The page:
So You Have to Hold a Review Session - Now What Do You Do?
Inevitably, you'll be asked to hold a review session at some time during your TA'ing career. And it often falls during your busiest weeks of the semester. So how do you structure a review that will be useful to your students, but won't drown you in extra work?
True, many students will be expecting (or at least hoping) that they'll come in to a review session and will learn everything they need to know for the exam - this is where your actions throughout the semester will demonstrate their importance. If your students have LEARNED the material and not just MEMORIZED it, the review should be just that - a review. If, however, students are still very unclear about the main topics/concepts and how to critically analyze them, a review session can be downright painful…for them, and for you.
Here are some different methods TA's often use for running a review session:
Run-through. The TA talks briefly about the major concepts, ideas, terms (one at a time) and then students elaborate on each. Often, this method leads organically from one topic to another.
Question-Answer session. Students ask questions and TA's answer the questions. A better method is to encourage participation from other students by steering and eliciting answers from other students.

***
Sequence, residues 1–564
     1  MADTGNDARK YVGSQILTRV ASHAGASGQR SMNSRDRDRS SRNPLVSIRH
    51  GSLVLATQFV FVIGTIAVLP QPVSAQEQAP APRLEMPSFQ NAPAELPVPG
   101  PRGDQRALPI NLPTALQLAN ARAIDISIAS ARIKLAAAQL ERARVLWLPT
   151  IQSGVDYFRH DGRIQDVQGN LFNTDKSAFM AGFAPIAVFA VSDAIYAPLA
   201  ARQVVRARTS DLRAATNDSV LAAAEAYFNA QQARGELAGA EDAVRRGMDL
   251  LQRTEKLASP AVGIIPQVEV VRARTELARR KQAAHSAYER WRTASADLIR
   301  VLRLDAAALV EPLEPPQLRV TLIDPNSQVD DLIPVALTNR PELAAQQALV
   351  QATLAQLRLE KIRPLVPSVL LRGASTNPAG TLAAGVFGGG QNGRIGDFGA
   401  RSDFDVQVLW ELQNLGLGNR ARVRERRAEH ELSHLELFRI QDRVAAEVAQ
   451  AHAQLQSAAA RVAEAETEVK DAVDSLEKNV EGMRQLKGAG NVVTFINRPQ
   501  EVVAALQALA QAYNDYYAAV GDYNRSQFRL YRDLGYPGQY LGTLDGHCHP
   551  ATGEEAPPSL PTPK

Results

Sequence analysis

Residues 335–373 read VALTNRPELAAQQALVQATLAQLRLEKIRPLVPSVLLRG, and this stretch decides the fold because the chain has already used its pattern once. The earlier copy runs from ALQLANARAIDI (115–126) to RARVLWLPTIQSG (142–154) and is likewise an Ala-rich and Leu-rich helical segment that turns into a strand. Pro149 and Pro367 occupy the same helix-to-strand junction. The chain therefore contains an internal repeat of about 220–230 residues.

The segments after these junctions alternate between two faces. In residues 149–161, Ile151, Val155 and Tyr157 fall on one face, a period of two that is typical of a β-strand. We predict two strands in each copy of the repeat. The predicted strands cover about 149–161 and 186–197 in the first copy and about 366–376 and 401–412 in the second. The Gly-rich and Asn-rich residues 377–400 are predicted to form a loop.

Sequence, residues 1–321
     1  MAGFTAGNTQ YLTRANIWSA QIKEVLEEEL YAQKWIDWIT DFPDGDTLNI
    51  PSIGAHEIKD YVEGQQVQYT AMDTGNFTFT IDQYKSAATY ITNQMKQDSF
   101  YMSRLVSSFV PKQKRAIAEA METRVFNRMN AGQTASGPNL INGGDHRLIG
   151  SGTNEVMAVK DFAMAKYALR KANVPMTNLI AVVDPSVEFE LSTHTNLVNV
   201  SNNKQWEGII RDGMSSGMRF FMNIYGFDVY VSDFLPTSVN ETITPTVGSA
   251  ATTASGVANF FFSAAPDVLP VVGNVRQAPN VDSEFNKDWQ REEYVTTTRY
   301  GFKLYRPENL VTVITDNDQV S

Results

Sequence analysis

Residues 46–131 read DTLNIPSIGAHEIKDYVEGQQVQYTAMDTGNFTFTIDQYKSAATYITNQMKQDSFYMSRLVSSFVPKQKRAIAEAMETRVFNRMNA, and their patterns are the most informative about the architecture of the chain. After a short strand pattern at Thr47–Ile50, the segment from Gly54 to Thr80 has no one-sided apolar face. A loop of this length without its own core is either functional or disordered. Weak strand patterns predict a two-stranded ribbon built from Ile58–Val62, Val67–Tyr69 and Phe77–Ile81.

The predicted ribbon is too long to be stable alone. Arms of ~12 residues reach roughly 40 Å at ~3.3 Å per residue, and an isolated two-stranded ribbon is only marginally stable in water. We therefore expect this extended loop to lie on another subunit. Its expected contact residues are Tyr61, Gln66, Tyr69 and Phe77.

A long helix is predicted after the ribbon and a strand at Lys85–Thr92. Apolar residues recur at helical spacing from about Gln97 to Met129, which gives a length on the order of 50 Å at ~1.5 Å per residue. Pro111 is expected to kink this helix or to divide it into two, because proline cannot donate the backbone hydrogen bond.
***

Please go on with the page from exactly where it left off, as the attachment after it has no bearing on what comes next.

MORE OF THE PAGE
Jeopardy-Game. If the exam requires a lot of memorization or if it is appropriate to have a more informal review, try making the review session into a game. Provide a list of questions/answers based around the areas covered throughout the course, and break the class into "teams" to play the game.
What NOT to Do
A hope of some students is that their TA will simply tell them what they need to know for the exam. Giving answers or indications of exam topics is very frowned upon, however, and seems to indicate a lack of care on the part of the TA. As a TA, your responsibility - as you've hopefully shown your students - is to help the students LEARN, not just get a good grade.
During the review, make sure not to give away what will/won't be on the exam. Try to gauge students' knowledge of the entire subject, not just on the areas you know will be on the test. Or, if the professor gives you the option, ask to not be informed of the exam question(s) in advance of the exam.
As with much of the interaction taking place in a classroom, trust is essential - not just between you and the students, but also between the TA and the professor. Do not risk harming the TA-professor relationship just because you want to help out a student.
(i.e. giving answers/indications of what will be on exams - yes, it happens all too often!)